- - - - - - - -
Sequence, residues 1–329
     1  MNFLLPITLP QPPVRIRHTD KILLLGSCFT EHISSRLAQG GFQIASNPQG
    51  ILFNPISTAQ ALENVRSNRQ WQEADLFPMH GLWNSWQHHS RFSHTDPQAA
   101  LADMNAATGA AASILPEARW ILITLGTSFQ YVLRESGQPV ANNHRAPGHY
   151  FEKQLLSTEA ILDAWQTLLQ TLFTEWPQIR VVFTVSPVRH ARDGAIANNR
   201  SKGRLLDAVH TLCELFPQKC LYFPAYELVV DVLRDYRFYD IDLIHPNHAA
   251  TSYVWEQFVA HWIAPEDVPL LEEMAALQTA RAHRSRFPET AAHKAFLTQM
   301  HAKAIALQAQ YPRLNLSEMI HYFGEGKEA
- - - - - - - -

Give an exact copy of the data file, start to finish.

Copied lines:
Sequence, residues 1–329
     1  MNFLLPITLP QPPVRIRHTD KILLLGSCFT EHISSRLAQG GFQIASNPQG
    51  ILFNPISTAQ ALENVRSNRQ WQEADLFPMH GLWNSWQHHS RFSHTDPQAA
   101  LADMNAATGA AASILPEARW ILITLGTSFQ YVLRESGQPV ANNHRAPGHY
   151  FEKQLLSTEA ILDAWQTLLQ TLFTEWPQIR VVFTVSPVRH ARDGAIANNR
   201  SKGRLLDAVH TLCELFPQKC LYFPAYELVV DVLRDYRFYD IDLIHPNHAA
   251  TSYVWEQFVA HWIAPEDVPL LEEMAALQTA RAHRSRFPET AAHKAFLTQM
   301  HAKAIALQAQ YPRLNLSEMI HYFGEGKEA